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The generalized vascular fragility largely dominates the clinical picture. Apart from excessive bruising and bleeding, it leads to precocious and severe varicosities and arterial rupture, which may potentially cause sudden death, usually in the third or the fourth decade of life. The vascular fragility affects large as well as small arteries, veins and capillaries, and bleeding may occur at every possible site in the body. It can present as acute abdominal pain, cerebral stroke, haemoptysis, haematemesis, renal colic and haematuria, retroperitoneal bleeding, muscular swelling, shock and sudden death. The most common locations of arterial bleeding are in the abdominal cavity and involve medium-sized arteries, such as the renal or splenic arteries, rather than the aorta itself. Acute myocardial infarction is a rare complication and is due to coronary dissection or rupture. In some individuals, there is evidence of aneurismal dilatation and dissection, or of arterio-venous fistulae, but in other patients ruptures occur at locations that appear completely normal by angiography (Steinman et al, 2002). Besides the vascular ruptures, dangerous internal complications, such as spontaneous rupture of the bowel (usually the colon, sometimes the intestine), the gravid uterus, and hemorrhagic pneumothorax may occur (Clark et al, 1980; Pope & Nicholls, 1983; Rudd et al, 1983; Peaceman & Cruikshank, 1987; Pepin et al, 2000). Although uncommon, EDS type IV is a cause of stroke in young adults. The mean age of intracranial aneurysmal rupture, spontaneous carotid-cavernous sinus fistula and cervical artery aneurysm is 28 years (North et al, 1995).

Obstetrical complications are not so rare and include vascular, intestinal or uterine rupture, vaginal lacerations, prolapse of uterus and bladder, and premature delivery because of cervical insufficiency or fragility of the membranes. Patients with a vascular EDS who are pregnant should be followed in a high-risk obstetrical programme.

The clinical appearance of patients with vascular EDS may, however, deviate from the typical picture, and especially the facial and cutaneous features, such as the acrogeria, may be very subtle or even absent. In the absence of a positive family history or a major vascular or intestinal complication, clinical diagnosis is difficult, especially in children.

Biochemical and molecular defects in vascular EDS

  1. Top of page
  2. Summary
  3. The collagens: classification, tissue distribution, function and biosynthesis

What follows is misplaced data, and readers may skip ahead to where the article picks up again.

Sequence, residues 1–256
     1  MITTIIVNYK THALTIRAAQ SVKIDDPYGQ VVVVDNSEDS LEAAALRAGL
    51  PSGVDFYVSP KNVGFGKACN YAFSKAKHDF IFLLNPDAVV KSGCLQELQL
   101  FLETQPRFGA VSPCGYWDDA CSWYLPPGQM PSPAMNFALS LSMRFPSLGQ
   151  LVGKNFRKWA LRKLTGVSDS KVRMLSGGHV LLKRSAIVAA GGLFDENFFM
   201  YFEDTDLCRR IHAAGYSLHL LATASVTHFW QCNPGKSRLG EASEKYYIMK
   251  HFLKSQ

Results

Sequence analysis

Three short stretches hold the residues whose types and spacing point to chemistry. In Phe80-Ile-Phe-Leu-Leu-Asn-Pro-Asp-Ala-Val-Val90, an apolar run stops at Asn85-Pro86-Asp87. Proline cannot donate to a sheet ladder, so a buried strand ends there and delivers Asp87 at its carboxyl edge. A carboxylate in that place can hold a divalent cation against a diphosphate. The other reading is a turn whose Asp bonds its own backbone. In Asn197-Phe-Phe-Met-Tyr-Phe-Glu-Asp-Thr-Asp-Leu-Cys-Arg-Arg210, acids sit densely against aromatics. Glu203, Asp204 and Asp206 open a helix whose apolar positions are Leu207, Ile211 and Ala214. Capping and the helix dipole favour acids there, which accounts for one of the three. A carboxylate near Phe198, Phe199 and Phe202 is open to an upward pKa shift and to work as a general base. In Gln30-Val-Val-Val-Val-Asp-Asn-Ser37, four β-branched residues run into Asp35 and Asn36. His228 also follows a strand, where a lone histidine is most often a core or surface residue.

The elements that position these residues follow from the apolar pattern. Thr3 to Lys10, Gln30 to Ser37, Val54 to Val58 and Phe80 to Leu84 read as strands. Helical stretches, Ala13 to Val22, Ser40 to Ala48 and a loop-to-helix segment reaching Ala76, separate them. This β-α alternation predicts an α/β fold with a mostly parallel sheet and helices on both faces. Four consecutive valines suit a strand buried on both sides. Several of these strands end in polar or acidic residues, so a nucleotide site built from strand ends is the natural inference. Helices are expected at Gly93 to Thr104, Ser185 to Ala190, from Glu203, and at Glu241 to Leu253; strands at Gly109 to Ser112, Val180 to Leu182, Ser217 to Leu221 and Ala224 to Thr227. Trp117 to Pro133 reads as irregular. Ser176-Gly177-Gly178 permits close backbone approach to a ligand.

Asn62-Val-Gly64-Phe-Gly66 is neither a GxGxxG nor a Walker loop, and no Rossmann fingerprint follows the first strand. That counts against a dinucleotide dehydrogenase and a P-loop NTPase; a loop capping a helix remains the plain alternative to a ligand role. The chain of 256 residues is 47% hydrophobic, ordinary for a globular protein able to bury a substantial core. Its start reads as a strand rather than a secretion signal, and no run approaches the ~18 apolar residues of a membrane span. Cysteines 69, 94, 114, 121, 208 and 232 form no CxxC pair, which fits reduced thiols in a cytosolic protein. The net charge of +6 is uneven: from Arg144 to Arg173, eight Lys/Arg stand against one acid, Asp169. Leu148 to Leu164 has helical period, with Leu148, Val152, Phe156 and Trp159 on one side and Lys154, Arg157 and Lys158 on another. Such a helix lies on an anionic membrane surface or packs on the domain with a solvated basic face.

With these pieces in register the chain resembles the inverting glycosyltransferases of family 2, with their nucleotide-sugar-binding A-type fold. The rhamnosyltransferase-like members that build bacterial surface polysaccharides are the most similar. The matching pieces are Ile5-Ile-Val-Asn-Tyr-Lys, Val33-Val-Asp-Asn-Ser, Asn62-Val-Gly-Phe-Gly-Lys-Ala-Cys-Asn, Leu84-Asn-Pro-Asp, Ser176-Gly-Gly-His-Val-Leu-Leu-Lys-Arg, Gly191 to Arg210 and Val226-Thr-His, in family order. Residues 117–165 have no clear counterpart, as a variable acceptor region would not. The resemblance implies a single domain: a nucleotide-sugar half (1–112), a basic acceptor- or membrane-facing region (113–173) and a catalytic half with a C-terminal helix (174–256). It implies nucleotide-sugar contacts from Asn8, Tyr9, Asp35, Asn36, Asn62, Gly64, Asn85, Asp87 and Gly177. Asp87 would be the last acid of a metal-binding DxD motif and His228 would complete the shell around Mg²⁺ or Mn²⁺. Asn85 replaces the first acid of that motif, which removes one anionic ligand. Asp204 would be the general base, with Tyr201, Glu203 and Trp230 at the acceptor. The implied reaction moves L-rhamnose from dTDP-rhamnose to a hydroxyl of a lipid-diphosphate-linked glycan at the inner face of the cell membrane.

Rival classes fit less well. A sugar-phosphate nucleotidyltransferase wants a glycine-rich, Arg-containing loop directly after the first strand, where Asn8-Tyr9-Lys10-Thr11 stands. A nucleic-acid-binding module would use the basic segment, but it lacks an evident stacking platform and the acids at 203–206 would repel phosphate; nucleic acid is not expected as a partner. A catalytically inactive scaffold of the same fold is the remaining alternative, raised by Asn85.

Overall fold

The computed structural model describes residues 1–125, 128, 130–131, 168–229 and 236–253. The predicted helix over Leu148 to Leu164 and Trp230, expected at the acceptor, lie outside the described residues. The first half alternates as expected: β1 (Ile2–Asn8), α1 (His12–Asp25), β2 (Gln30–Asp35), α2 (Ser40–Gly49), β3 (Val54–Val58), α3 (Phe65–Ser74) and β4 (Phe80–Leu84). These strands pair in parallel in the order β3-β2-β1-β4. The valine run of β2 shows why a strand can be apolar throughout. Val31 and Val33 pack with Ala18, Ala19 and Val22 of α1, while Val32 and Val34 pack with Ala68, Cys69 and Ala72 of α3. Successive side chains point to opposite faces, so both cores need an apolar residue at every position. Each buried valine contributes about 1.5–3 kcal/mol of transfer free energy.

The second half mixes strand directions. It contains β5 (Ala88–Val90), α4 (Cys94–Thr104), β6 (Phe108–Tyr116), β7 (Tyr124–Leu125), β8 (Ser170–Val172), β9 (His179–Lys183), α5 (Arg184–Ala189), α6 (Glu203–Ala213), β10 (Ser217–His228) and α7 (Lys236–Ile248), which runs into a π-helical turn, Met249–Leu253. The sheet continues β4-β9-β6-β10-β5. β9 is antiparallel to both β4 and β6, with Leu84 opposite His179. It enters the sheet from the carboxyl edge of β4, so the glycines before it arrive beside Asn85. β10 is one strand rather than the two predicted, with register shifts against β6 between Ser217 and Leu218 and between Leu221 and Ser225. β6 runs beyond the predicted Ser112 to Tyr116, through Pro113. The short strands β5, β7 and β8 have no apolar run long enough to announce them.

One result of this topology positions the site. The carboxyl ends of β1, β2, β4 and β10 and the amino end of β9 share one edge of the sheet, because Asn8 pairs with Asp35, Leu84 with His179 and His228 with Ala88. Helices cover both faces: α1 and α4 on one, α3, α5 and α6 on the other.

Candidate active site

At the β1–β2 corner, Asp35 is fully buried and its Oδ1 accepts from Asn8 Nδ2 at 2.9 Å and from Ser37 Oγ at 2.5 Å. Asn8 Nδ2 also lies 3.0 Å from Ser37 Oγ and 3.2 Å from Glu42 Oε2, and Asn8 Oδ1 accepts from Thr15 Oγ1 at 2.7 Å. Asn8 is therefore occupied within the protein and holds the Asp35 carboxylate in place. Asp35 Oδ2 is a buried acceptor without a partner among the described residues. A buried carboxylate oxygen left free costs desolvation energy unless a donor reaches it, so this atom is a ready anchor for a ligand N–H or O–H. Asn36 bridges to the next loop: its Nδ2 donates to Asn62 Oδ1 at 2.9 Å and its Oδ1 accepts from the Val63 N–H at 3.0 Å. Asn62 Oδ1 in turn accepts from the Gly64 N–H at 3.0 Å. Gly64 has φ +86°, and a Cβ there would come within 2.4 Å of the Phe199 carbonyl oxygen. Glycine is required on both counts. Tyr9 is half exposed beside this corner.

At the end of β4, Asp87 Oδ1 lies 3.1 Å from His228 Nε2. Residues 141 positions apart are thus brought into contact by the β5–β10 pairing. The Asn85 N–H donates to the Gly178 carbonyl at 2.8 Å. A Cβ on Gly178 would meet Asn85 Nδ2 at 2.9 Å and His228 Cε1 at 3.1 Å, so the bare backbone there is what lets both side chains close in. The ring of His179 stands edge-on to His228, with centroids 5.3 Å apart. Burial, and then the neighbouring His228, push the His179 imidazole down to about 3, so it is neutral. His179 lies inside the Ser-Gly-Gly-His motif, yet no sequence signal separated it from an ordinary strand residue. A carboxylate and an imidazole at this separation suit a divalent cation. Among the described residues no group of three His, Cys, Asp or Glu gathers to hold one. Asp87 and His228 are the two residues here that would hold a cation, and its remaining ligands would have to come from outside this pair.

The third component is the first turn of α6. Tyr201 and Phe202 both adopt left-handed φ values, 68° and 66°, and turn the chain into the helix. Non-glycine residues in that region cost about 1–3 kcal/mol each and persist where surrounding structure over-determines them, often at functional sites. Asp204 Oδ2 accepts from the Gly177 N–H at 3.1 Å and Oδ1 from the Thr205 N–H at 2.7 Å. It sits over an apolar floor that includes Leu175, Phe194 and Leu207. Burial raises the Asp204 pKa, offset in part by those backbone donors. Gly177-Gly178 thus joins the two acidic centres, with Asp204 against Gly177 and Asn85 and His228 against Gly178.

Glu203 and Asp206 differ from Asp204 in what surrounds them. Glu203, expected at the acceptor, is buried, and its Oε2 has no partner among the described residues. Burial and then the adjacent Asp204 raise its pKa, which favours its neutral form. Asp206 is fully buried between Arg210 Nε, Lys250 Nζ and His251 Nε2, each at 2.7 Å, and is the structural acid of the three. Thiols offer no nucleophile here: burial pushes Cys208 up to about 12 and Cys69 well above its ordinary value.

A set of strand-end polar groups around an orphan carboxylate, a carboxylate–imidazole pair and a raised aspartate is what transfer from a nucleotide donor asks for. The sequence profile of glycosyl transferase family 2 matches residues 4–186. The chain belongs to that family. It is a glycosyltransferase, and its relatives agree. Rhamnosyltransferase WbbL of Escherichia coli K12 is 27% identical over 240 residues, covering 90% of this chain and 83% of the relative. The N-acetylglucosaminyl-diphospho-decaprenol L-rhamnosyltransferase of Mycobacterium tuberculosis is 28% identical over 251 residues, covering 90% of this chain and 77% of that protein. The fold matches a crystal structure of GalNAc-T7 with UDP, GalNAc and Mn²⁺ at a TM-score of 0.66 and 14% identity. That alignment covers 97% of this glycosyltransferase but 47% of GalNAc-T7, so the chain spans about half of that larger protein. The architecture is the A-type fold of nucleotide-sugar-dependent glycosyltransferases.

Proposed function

4. The Ehlers–Danlos syndrome
  5. Ehlers–Danlos syndrome, vascular type
  6. Biochemical and molecular defects in vascular EDS
  7. Bleeding and bruising in other subtypes of EDS and other diseases of connective tissue
  8. Guidelines for diagnosis and management
  9. Acknowledgements
  10. References

The genetic defect underlying vascular EDS is a deficiency of type III collagen. The diagnosis of vascular EDS is based on compatible clinical findings and confirmed by biochemical testing. It is important to note that in virtually all clinically apparent cases of vascular EDS, the biochemical and molecular abnormality of type III collagen can be identified. Biochemical testing includes analysis by sodium dodecyl sulphate-polyacrylamide gel electrophoresis (SDS-PAGE) of radioactively labelled collagens extracted from skin fibroblast cultures. This analysis probably identifies more than 95% of individuals harbouring a defect of type III collagen. It enables the detection of quantitative (reduced amounts of collagen type III) or qualitative (structurally abnormal type III collagen with altered electrophoretic mobility) defects of type III collagen. For example, substitution of a glycine residue by a bulkier amino acid destabilizes and delays collagen triple-helix formation, causing excessive post-translational modification and hence an altered electrophoretic pattern (De Paepe, 1994). Molecular genetic testing to identify mutations in the COL3A1 gene is available to patients with a biochemically confirmed diagnosis of vascular EDS. To date, more than 250 COL3A1 mutations have been identified (Dalgleish, 1998). Most mutations are point mutations leading to substitutions for glycine in the triple helical region of the collagen molecule, but other types of mutations have also been identified, such as splice site mutations, partial gene deletions, and, rarely mutations resulting in COL3A1 haplo-insufficiency (Schwarze et al, 2001; Steinman et al, 2002). Vascular EDS is an autosomal dominant disorder, but parental somatic mosaicism for COL3A1 mutations has been documented (Kontusaari et al, 1992; Richards et al, 1992; Milewicz et al, 1993; Palmeri et al, 2003). When the mutation is identified, prenatal and preimplantation diagnosis can be performed by direct demonstration of the mutation in the embryonic tissues.